An unexpected festive treat for the long weekend in early June was the Haeundae Sand Festival. With the tag line 'See Sand, Feel Sand, Enjoy Sand', this was a must for beach bums, and featured incredibly detailed sand sculptures, and a variety of music and dance on Busan's most popular beach.



The pinnacle of the entertainment was a performance Drumcat, an incredible, all-female group of drummers, who seem to focus on updating traditional Korean forms for modern audiences. The show moved beyond novelty, due to the skill of the performers, and the sheer physical attack of the music. And the costumes, of course.



Along the length of the beach were the results of the amateur sand sculpture competition, which included kids' favourites such as Doraemon, Pororo and Spongebob Squarepants, as well as more abstract creations and a comment on the current 'crazy cow' crisis*.



Again, there was a lovely, friendly atmosphere at the festival, and though the speeches by prominent Busan dignitaries dragged on a little, it was a great celebration one of Busan's best features.



The spring festival season is coming to a close now, as the intense heat and heavy rains of summer make outdoor activities a little impractical. Thankfully, there are plenty of tempting events lined up for the autumn - including a mask dance festival which is supposed to be the highlight of the year - so my festival cravings shouldn't be denied for too long.


Links:
Lotus Lantern Festival website
Hadong Wild Tea Cultural Festival website
Jinju Nongae Festival - Carlien de Bruyn's blog
Haeundae Sand Festival website
YouTube video of Drumcat in action
Asia Times Article on the crazy cow crisis

Photo Galleries:
Children's Day Weekend in Seoul, Days one and two
Hadong Tea Festival
Jinju Nongae Festival
Haeundae Sand Festival




*Crazy cow has been the most prominent issue in the Korean media for many weeks now, and has proved to be a emotive catalyst for mass anti-government demonstrations all over the country. The problems started when president Lee Myung-bak (known on protest banners as 2MB, as Lee is actually pronounced 'ee', which is one of the Korean words for 2) signed a new trade agreement with the USA.



Since a minor US outbreak of BSE (mad cow disease, or 'crazy cow', as it's known by Korean students) in 2003, with reported cases, American beef imports have been restricted in Korea. Some nearby countries, such as Japan, still don't allow the import of US beef from cows slaughtered at 30 months or older, as these animals are believed (though the evidence is sketchy) to be more at risk from BSE. The new agreement allows all US beef, regardless of age to enter Korea, and this has sparked a huge public outcry, with many people believing that the president is purposely putting Korean lives in danger in order to improve relations with the US.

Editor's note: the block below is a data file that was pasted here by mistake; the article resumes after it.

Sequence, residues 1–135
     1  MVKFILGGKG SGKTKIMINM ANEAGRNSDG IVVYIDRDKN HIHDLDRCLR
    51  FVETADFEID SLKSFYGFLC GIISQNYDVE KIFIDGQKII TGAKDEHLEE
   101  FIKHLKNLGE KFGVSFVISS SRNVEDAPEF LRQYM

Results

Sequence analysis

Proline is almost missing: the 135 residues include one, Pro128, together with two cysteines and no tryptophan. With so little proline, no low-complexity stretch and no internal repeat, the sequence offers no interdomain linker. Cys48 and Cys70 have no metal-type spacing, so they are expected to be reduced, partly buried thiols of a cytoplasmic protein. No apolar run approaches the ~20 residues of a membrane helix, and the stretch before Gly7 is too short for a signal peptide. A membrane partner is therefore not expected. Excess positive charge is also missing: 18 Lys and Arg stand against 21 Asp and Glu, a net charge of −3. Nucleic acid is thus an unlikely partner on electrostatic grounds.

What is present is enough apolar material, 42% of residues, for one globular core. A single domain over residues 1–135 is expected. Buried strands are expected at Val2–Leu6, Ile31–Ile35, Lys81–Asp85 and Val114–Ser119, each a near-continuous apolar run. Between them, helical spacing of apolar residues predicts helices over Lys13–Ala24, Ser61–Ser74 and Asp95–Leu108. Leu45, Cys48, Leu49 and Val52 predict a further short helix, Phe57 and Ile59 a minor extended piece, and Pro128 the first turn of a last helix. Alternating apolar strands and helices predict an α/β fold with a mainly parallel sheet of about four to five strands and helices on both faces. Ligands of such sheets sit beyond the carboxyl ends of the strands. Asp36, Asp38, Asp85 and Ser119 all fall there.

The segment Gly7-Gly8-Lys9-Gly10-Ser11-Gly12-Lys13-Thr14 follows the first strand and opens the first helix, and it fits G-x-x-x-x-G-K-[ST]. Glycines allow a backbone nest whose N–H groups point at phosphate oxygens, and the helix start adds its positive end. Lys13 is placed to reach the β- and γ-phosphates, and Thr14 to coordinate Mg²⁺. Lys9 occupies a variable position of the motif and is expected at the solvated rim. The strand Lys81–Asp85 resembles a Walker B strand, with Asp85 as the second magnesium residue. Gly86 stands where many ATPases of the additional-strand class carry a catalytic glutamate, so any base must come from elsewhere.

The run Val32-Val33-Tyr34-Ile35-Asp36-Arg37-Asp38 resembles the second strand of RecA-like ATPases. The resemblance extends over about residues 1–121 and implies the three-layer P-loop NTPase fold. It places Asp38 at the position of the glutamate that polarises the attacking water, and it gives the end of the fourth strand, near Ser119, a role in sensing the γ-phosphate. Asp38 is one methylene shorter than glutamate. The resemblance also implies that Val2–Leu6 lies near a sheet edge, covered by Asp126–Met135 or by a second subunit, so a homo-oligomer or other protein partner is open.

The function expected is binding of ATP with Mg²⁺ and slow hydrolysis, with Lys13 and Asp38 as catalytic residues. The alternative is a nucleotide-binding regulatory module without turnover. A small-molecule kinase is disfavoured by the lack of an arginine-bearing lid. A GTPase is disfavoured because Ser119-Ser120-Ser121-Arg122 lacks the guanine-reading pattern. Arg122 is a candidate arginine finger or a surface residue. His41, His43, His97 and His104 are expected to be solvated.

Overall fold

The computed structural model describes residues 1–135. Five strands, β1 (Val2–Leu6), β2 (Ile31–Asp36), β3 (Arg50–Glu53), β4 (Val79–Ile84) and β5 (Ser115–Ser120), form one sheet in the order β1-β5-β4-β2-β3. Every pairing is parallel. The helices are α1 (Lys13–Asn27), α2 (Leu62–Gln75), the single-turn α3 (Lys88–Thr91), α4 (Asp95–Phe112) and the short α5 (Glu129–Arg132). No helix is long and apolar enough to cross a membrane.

Stoked by inflammatory reports on the national KBS TV station, and the apparent influence of opposing parties, anti-government and anti-US groups, a series of candlelit vigils have been held in Seoul and other cities, including Changwon.



These have steadily grown in size, and have in a few cases resulted in a violent, heavy-handed response from the military police. Various compromises have been offered by the government, but the outrage continues to grow, with even the offer by Lee's entire cabinet to resign doing little to diffuse the public anger. Suffice it to say, Lee's popularity, after only a few months in office, has plummeted, with the latest polls showing a 20% approval rating.

Thursday, May 29, 2008

An island idyll part two - four days of ups and downs

Jeju is home to a huge array of intriguing attractions, and it was a tricky task to try to narrow down a selection for my four day visit. The places I didn't manage to see, for reasons of time and location, sound just as appealing as the ones I did. Who could resist Jeju Mini-mini Land, museums dedicated to stone tortoises and teddy bears, a Goblin Park and the only chocolate museum in Asia? Well, sacrifices have to be made on every trip, and all these fell by the wayside. At least there will be plenty to see if I ever return to the island.

My first full day was spent in and around Jeju-si, the relatively sprawling capital of the island. After finding enlightenment in Loveland, I decided to start my day at Tamna Mokseokwon, another sculpture park, a short bus ride out of town. Though it doesn't quite have the same impact as Loveland, this park is just as much a labour of love, even obsession, with hundreds of lumpy, strangely peaceful stone statues, and a selection of sculptures made from twisted roots, buried for centuries in Jeju's volcanic soil. The park also features a haunting display of traditional Jeju burial statues - pairs of angular figures, some with malevolent grins, some with expressions of deep concern, charged with the task of watching over the island's dead.



After a little wandering around Jeju-si itself, and taking a moment to pause at the tranquil Samseonghyeol shrine, I headed east towards one of the natural wonders of the island, Manjanggul Cave. Apparently the world's longest lava tube, Manjanggul is a eerie tunnel of lava-hewn striations, jagged rock formations, stalactites and stone pillars. The cave is a stark and impressive look at the volcanic forces that shaped the island, although I was a little disappointed not to catch a glimpse of the infamous Jeju Cave Spider.